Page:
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Static vs dynamic analysis for code devt (Part 2)

Posted: 06 Sep 2013 ?? ?Print Version ?Bookmark and Share

Keywords:dynamic code analysis? buffer overflow? virtual private network? VPN? deallocation?

Upon return from the function, therefore, this memory is leaked. A call to the runtime library's leak detector will report the leak as shown below:

> gcc myfile.c echeck=memory
> ./a.out
Unreferenced memory adr=0x18d40 allocated at 0x103f4 called from 0x1043c then 0x15f18

then 0x10028

When integrated with the software development environment, the leak detection report's call stack addresses are mapped to actual source code locations, enabling the developer to more easily locate and understand the leak source (figure 1).

Figure 1: Memory leak detection integrated into software development environment.

For the precise name of the leak detection applications programming interface(API) and build time options used to enable leak detection, readers should consult a tool chain supplier.

Other dynamic memory allocation errors
With programmatic control of memory allocation and deallocation, there are many more ways for developers to shoot themselves in the foot. The following simple function shows a couple more examples:

void badalloc(void)
{
??char *buf = malloc(100);
??char localbuf[100];
??free(buf);
??free(localbuf);
??free(buf);
}

The first call to free(buf) is fine; it references a valid allocated buffer. However, the second call to free(buf) is invalid, since buf has already been deallocated.

The call to free(localbuf) is also invalid because localbuf is a local buffer, not allocated using a corresponding dynamic memory allocation call such as malloc or calloc. Similar errors in C++ occur with the operators new and delete.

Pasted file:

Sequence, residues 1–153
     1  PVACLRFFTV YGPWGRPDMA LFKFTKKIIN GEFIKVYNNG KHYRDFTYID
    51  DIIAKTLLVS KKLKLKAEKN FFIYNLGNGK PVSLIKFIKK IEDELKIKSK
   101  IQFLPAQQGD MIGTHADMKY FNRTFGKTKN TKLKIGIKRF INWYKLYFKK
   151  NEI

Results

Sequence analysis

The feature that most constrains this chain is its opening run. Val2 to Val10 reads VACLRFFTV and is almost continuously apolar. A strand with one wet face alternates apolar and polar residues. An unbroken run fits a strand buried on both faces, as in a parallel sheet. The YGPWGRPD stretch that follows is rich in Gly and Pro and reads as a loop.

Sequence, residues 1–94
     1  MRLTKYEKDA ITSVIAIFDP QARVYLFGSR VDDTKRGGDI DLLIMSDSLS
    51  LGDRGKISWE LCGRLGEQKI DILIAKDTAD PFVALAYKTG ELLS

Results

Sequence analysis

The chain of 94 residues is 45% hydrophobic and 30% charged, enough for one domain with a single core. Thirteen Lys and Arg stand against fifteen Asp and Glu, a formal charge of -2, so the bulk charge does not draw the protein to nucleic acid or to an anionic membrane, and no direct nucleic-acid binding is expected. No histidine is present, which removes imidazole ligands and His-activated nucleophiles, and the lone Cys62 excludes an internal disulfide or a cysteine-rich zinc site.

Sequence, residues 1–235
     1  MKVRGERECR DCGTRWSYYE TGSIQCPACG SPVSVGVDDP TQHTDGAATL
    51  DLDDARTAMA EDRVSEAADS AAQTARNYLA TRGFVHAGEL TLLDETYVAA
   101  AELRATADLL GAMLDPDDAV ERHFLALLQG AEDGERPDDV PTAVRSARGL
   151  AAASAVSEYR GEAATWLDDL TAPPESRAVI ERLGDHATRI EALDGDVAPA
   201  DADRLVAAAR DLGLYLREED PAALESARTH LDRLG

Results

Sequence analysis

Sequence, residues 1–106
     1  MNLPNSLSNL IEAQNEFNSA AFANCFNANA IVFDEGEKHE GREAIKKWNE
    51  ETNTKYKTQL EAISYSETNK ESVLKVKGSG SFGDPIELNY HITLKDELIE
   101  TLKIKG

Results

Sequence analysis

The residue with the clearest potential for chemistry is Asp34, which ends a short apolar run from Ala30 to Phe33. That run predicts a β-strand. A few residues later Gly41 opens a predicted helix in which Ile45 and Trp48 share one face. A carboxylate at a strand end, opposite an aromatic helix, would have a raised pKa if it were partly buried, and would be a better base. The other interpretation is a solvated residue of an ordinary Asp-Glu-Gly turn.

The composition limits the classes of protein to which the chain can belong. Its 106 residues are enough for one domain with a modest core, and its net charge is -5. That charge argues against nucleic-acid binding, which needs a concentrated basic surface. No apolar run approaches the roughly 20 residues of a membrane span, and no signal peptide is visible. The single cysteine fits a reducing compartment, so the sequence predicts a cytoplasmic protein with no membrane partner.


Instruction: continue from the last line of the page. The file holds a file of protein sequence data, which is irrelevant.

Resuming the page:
Once again, static analysis can locate the errors in this example, but dynamic analysis will find other memory allocation errors that static checking cannot. For example, the following change will confuse many static analysers:

char localbuf[100];
char *b = localbuf;
void badalloc(void)
{
??free(b);
}

Because the variable b is now globally defined, a static source code analyser may assume less Knowledge about that to which b may point. Dynamic analysis detects the invalid deallocation during program execution:

> gcc myfile.c echeck=memory
> ./a.out
Attempt to free something not allocated adr=0x18484

Figure 2: A dynamic analysis error stops the program at the offending line in the debugger, making it easy for the developer to locate and fix common security vulnerabilities.

If dynamic analysis is integrated into the debugger, the preceding failure is even easier for the developer to detect and correct. As shown in figure 2 above, the debugger is automatically halted when the memory deallocation error occurs, pointing the developer to the exact offending line of code.

It goes without saying that software managers should strongly weigh the diagnostic capability of a compiler and tool chain when selecting such an important tool.

About the author
David Kleidermacher, Chief Technology Officer of Green Hills Software, joined the company in 1991 and is responsible for technology strategy, platform planning, and solutions design. He is an authority in systems software and security, including secure operating systems, virtualisation technology, and the application of high robustness security engineering principles to solve computing infrastructure problems. Mr. Kleidermacher earned his bachelor of science in computer science from Cornell University.

This article is excerpted from Embedded Systems Security by David and Mike Kleidermacher, used with permission from Newnes, a division of Elsevier. Copyright 2012. All rights reserved.

To download the PDF version of this article, click here.


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